When I use the word diet, I do not mean it in a sense of deprivation, restrictive food rules or any other quick fixes or fads you may hear about. Today we are usually getting our information from marketing on tv or social media such as Instagram ads, Google and viral Tik-Tok crazes. First rule of thumb is to check your sources – most likely you are getting incorrect information or being sold into a short-term solution. This often leads to poor eating habits, weight fluctuations or eating disorders. Over-examining, becoming obsessive or being too restrictive with your diet, especially in a culture fixated on female thinness and beauty, is linked to long-term physiological negative effects.

According to a summary opinion of over 40 studies, it showed that 95% of weight lost through dieting is regained. “Paradoxically, adolescent girls with elevated scores on dieting scales are at increased risk for future onset of obesity…indicating that dieting predicts weight gain in adulthood.” Stice, E., et al., ‘Psychological and Behavioral Risk Factors for Obesity Onset in Adolescent Girls: A Prospective Study,’ Journal of Consulting and Clinical Psychology, Vol. 73, No. 2 195-202 (2005).

Effects of weight cycling has been linked to many long-term problems such as: Damage to the heart and cardiovascular system, reduced bone mass, DNA damage or abnormal cell change in breast tissue and can cause physical weakness. It’s also linked to possibly altering levels and effects of serotonin function (the hormone in the brain that’s thought to regulate anxiety, happiness, and mood). Low levels of this chemical have been associated with impulsivity and depression as well. In general, we should never rely on popular culture for nutritional advice. These sources are not the answer to better health, especially for athletes, who depend on our bodies to perform at higher levels than most. Our bodies were made to do incredible things and we come in different body shapes and sizes. We need to do less scrutinizing and celebrate how strong and grateful we are that we can compete and can play the sports we love.

Your body needs the correct fuel to function, and you need to maintain a proper diet with an adequate amount of nutrients and calories to be at your best. Balance, portion size and everything in moderation is essential to weight management and matching your calories to meet your needs. This means that you are mindful of your daily activities, exercise and are aware of how your body burns food to meet your energy needs. Each person is different and unique, therefore, instead of focusing on counting calories, tune in to what your body is telling you! When it comes to nutrition, I ask you to pay attention to what you eat & how you feel during and after exercise.  Were you fatigued or energized? What has your body taught you about how to eat to feel that way? The sooner you can notice patterns within yourself, the quicker you can implement these habits and enhance your performance – ultimately becoming a better athlete, player and teammate. Also, be aware that the way you nourish your body afterwards can help your body recover and heal faster.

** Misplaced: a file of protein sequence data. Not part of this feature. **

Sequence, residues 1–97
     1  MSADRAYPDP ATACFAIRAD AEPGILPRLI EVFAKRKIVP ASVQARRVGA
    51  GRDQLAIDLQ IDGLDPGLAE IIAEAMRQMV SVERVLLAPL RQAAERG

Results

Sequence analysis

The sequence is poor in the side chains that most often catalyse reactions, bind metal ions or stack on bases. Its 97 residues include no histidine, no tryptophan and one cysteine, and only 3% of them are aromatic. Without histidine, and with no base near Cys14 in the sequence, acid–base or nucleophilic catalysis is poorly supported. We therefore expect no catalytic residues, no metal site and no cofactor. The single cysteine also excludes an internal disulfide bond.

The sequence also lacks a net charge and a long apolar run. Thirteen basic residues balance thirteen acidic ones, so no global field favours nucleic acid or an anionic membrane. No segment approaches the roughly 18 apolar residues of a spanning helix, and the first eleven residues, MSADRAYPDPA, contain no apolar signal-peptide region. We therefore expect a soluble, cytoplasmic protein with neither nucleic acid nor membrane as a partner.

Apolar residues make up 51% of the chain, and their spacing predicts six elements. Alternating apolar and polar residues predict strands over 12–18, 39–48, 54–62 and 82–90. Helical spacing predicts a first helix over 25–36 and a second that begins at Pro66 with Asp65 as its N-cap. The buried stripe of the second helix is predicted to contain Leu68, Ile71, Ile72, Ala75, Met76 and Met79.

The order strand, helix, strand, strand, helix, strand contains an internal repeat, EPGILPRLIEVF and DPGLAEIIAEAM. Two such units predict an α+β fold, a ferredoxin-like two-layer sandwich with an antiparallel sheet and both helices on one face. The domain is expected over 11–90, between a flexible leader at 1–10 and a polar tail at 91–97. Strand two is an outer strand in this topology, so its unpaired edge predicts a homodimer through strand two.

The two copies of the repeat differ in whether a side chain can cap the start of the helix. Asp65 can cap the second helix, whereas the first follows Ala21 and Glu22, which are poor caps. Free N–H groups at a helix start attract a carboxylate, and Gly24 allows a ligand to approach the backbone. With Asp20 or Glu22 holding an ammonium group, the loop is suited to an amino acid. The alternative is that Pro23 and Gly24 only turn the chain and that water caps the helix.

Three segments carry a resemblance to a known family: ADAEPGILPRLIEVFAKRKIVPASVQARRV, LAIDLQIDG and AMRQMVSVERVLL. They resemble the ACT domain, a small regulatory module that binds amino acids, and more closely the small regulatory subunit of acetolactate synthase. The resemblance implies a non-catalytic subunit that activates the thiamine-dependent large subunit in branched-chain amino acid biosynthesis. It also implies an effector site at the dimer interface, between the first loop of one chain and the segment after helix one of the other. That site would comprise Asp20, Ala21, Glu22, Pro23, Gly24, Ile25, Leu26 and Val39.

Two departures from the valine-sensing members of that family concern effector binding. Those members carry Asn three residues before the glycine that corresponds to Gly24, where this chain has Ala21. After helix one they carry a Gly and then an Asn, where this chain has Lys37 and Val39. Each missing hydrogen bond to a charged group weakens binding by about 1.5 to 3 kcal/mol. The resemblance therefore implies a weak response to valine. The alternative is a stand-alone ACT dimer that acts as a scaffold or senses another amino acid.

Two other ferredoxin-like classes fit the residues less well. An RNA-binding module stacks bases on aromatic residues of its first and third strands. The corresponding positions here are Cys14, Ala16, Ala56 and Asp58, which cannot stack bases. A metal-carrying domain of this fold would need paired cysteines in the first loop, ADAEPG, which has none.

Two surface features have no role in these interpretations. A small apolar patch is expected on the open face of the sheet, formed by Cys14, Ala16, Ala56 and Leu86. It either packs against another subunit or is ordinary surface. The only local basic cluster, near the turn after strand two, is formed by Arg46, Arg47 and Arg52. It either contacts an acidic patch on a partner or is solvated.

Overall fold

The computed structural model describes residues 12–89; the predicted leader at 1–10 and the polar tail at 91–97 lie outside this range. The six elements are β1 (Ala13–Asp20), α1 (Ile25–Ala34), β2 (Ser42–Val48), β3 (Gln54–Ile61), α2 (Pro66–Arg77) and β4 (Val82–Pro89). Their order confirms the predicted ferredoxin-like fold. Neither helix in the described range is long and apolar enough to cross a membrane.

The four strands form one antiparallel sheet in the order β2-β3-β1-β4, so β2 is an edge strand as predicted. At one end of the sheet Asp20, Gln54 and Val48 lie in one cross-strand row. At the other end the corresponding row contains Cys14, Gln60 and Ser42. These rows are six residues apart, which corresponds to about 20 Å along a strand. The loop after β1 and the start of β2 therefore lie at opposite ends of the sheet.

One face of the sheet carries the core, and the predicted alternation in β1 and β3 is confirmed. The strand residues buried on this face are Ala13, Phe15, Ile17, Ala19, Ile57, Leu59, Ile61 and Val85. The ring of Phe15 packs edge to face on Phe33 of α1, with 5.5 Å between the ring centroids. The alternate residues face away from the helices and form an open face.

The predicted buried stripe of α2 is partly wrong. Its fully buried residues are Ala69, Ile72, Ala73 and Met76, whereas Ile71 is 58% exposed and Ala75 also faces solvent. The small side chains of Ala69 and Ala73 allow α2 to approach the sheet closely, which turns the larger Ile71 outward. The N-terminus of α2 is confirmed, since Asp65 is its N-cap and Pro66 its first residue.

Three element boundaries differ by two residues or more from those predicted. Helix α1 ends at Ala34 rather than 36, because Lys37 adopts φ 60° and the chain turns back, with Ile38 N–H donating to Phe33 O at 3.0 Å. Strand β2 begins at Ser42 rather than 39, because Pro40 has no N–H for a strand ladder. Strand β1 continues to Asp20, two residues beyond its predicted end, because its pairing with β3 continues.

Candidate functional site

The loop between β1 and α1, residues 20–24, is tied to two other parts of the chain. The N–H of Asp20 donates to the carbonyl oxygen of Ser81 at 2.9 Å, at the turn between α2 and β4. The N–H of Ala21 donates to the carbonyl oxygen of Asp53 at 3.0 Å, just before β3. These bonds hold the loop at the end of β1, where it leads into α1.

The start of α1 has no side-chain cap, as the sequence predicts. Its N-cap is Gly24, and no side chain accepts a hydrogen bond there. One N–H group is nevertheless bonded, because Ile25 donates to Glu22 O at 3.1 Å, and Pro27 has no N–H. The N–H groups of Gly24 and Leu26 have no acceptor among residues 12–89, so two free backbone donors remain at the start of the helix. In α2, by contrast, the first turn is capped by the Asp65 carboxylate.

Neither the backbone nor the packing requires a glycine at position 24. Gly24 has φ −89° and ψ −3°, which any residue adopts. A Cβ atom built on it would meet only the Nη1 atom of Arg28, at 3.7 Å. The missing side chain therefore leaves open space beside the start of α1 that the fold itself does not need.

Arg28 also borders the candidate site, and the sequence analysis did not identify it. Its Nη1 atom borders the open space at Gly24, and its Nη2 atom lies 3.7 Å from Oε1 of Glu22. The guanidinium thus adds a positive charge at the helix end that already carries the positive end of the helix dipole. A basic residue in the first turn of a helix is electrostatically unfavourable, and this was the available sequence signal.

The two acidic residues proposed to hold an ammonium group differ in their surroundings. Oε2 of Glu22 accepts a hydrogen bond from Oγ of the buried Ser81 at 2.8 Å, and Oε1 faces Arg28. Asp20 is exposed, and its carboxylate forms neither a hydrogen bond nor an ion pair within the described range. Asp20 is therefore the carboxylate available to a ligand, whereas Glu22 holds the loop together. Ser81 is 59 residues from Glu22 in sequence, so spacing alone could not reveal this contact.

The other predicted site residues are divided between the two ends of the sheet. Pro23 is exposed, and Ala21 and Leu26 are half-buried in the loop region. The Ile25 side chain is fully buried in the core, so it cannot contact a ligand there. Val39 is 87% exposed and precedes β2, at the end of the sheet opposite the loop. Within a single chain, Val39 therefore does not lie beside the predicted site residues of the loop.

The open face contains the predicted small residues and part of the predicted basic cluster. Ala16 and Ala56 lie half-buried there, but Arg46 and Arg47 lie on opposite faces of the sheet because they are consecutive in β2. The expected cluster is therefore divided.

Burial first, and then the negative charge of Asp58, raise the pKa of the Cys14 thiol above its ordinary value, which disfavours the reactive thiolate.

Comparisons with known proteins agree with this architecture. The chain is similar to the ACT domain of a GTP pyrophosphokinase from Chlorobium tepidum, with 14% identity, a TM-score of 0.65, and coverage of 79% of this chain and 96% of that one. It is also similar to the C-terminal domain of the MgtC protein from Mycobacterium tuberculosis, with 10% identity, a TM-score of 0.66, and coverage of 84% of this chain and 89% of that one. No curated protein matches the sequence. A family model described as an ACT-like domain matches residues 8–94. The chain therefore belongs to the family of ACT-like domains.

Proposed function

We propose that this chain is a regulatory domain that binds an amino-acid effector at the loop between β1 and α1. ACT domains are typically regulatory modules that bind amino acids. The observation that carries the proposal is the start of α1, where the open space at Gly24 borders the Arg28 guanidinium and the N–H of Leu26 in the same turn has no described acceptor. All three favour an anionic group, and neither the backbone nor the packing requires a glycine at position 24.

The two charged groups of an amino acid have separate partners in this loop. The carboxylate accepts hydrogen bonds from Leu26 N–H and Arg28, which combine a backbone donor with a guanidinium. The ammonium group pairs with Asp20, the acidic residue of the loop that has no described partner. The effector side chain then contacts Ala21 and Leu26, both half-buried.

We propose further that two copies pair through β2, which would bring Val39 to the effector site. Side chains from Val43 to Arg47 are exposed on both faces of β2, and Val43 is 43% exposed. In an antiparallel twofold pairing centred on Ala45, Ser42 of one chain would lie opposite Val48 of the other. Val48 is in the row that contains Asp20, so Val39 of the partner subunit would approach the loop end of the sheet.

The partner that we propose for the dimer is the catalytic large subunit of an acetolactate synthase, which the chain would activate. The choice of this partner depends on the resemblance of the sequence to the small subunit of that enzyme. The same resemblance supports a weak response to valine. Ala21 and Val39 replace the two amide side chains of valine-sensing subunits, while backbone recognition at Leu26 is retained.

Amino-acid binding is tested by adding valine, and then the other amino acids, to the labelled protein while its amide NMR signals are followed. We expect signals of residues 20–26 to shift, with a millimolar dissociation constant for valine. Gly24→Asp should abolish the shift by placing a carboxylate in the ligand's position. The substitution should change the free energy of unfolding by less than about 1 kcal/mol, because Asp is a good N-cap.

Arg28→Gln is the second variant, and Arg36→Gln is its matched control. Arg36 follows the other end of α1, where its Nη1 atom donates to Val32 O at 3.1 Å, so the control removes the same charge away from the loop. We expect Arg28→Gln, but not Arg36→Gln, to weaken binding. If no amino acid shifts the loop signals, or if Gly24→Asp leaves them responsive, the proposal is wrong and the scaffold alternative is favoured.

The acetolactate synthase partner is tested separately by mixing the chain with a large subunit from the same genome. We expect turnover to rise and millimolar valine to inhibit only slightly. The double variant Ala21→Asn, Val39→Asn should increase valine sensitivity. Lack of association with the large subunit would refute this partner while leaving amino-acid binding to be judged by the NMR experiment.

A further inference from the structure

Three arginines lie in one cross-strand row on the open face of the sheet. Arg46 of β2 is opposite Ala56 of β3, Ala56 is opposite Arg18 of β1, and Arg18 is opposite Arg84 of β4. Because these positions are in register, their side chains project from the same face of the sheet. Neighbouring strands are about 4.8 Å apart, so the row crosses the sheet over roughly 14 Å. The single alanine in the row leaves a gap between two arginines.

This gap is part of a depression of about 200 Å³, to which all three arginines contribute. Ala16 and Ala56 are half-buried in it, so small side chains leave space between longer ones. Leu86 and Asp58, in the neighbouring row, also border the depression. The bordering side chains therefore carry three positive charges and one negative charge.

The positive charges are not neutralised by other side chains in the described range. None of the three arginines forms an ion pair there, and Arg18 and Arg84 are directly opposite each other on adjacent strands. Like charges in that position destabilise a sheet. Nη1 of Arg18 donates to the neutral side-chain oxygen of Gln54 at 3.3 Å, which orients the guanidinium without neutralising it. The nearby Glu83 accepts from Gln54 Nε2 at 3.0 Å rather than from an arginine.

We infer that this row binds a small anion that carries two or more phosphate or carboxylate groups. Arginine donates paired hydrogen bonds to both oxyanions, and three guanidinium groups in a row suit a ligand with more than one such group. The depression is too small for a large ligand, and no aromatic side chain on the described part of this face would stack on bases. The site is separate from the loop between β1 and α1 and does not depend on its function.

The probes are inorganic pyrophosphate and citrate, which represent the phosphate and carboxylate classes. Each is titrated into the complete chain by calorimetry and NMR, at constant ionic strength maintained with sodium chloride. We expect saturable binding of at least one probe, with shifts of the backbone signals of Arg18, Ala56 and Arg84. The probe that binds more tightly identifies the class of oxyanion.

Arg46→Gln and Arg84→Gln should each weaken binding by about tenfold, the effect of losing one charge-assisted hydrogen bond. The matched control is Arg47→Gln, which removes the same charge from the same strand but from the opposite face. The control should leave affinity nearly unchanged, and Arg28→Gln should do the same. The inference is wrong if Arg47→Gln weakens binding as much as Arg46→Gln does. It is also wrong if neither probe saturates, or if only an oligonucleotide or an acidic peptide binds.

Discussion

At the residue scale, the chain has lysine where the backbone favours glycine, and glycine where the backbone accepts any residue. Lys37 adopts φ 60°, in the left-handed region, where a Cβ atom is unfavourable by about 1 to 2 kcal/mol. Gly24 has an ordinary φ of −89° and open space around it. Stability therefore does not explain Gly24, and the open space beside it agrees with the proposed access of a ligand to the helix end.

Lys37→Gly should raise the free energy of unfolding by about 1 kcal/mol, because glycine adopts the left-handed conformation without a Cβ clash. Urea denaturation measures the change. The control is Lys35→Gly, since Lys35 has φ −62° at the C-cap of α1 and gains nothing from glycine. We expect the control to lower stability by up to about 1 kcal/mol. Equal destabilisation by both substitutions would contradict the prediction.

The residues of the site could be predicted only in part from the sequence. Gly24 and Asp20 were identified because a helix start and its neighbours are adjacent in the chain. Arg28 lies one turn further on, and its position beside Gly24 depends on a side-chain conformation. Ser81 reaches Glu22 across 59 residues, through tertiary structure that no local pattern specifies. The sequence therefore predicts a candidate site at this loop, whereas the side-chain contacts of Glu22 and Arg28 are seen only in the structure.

Whole, nutritious, non-processed and real foods with clean ingredients (you can clearly read/pronounce the ingredient on the food label) are always the rule of thumb when it comes to eating. The way your food is prepared is just as important. Cooking at home with more traditional ways of preparing foods ensures you are getting the most nutrients while also knowing what you are putting into your body. Sure, performance bars and snacks can be eaten right before performing for a quick burst of stable energy or at half time – but be aware that these are usually processed in a factory and the longer the shelf life, the less nutritional they are. If it expires in a short period of time – think vegetables, fruits, yogurt etc. – the better for you. Candy and high energy drinks may sound great at the time, but they are empty calories and after that quick burst of energy and feeling good, you will eventually crash. This can lead to headaches, a jittery feeling and most importantly, hinder your performance. Snacks such as a whole piece of fruit, handful of nuts, string cheese, organic yogurt or a peanut-butter and jelly sandwich on whole wheat bread are great sources of energy from foods 30 minutes to an hour prior to performing or at half time.

This all being said, your health is a life-long journey, and it lies in the tiny habits and choices you decide to follow each day. Although incredibly important, nutrition is just one piece of your overall health, and you must check-in with yourself daily and be honest. Are you getting an adequate amount of sleep? Are you surrounded by positive friends and relationships that energize your spirit? Are you watching or reading empowering and motivational material or are you feeding your mind negativity? Are you drinking enough water and properly hydrated? How are you coping with stress and self-care? These are all essential things we need to consider as they are all part of your diet and overall health.